No matter what you see or hear in notated music, there are only three types of chords, as they relate to key centers: tonic, dominant and subdominant.
Learn About Guitar Chords
Learning about guitar chords, how they are made, what notes they contain and why you should learn the notes is an important step for beginners. As you move beyond the beginner level you’ll want to improve at changing chords smoothly and start making barre chords without too much fuss. Check out our handy guitar chord dictionary for help with the most common guitar chords.
You don’t need to know a bazillion chords in order to make music. In fact, there are only three you need to know: the tonic, dominant and subdominant.
The “Big Picture” of making music helps you understand how music works. Without that, then scales, chords and maybe even songs will make no sense.
Paul Andrews makes a long awaited return to Guitar Noise with the sequel to his February lesson on power chords. Here you’ll find the lowdown on augmented and diminished power chords, plus examples from everyone from Bush to Hendrix to Metallica to Eminem.
Getting better at making chord changes is an early goal for every guitarist. Graham discusses how using the art of visualization can help you develop smooth chord changes, both in learning new chords and in practicing the ones you already know.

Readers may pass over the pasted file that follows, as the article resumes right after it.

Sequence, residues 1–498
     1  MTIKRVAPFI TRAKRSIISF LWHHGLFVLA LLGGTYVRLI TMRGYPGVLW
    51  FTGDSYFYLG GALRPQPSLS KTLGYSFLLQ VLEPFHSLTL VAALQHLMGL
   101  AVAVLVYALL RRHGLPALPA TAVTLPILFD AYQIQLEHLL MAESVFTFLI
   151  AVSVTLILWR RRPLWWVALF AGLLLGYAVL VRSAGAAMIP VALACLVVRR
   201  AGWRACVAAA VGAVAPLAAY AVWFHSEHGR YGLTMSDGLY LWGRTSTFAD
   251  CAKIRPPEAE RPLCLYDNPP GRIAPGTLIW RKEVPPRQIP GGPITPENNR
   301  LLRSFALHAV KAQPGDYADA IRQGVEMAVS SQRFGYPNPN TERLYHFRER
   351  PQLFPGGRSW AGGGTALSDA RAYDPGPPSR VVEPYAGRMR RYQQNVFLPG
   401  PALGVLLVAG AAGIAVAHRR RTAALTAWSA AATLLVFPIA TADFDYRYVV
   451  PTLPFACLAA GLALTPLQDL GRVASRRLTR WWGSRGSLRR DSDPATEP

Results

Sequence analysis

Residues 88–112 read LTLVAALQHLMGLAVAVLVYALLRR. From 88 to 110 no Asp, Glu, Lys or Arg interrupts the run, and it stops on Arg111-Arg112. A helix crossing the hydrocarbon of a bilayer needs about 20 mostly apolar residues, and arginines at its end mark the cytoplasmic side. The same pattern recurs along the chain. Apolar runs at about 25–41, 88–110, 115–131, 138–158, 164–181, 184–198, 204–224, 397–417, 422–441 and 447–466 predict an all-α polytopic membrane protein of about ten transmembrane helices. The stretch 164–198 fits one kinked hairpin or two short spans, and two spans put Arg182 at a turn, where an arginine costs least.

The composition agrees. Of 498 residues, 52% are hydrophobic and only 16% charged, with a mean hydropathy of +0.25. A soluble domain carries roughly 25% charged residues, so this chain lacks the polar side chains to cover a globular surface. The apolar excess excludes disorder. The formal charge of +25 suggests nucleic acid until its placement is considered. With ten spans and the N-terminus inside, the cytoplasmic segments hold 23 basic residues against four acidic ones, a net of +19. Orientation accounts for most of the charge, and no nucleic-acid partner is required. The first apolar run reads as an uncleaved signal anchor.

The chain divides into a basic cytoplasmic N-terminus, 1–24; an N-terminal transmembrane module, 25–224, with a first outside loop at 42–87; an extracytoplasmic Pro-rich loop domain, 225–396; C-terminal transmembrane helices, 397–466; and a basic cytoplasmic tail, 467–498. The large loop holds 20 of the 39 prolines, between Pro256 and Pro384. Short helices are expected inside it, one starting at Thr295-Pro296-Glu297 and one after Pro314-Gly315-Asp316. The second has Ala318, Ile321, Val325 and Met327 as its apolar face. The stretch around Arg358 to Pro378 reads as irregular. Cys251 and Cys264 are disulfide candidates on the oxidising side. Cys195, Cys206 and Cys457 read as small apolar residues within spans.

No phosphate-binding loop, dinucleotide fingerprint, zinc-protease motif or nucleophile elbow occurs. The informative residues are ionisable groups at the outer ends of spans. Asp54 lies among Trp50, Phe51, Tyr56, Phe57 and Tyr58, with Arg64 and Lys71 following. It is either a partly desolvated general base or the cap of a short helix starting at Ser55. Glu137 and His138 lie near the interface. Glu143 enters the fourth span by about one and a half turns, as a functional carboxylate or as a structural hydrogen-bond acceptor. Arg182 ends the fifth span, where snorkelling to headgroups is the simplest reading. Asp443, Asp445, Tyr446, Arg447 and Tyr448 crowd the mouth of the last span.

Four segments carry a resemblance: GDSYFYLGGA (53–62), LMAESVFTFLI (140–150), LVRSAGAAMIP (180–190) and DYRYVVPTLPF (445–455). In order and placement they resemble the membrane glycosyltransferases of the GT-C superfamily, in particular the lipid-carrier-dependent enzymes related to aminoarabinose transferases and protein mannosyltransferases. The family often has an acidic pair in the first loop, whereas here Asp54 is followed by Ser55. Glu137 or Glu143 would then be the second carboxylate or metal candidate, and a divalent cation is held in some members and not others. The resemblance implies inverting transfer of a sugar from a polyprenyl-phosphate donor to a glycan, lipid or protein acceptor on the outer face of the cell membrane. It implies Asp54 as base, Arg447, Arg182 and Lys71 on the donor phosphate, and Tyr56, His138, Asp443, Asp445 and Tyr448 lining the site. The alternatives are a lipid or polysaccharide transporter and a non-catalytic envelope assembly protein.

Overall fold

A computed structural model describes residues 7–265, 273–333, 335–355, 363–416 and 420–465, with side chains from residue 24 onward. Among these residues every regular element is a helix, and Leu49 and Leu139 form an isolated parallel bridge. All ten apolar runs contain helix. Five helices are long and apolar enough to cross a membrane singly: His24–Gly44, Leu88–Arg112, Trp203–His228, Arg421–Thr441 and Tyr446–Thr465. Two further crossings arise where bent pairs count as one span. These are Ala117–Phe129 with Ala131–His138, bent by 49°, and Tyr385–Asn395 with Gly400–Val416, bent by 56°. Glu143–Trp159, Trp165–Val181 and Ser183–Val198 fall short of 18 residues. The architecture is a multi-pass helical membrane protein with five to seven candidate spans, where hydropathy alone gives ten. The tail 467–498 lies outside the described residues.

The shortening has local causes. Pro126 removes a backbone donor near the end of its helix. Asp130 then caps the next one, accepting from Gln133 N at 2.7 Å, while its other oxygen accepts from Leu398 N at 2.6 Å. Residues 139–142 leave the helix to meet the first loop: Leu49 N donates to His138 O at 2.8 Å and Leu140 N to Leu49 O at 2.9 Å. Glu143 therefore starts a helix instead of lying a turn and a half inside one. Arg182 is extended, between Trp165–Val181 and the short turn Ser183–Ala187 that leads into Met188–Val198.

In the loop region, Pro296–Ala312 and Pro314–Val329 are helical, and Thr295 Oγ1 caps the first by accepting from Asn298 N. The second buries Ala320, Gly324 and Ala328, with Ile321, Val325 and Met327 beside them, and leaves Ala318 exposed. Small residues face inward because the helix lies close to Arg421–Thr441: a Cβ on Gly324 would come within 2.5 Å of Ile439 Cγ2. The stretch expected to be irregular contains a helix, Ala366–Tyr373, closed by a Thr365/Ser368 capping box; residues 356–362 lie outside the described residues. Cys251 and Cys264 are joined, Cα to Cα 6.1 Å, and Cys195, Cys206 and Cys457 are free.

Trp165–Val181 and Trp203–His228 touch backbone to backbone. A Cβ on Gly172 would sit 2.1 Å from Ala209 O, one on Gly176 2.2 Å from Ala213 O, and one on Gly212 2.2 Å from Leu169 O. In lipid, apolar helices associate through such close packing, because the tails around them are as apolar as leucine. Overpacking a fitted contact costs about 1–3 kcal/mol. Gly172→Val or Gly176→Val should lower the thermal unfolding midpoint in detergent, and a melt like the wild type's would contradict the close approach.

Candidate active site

Paul Andrews returns to the pages of Guitar Noise with a primer on power chords, complete with practical examples from the music of Green Day, Nirvana, Blur, Blink 182 and (gasp!) The Kinks.
At long last, Tom takes the mysteries out of chord substitution, giving you detailed and simple explanations that will make you wonder why you ever worried about it in the first place!
Guitar Noise is pleased to welcome Peter Simms back to our pages. Peter’s got a new chord melody for you with a distinctive Latin feel to it. Get ready to provide both the bass and chordal rhythm/melody and to give your fingers (and thumb!) a workout.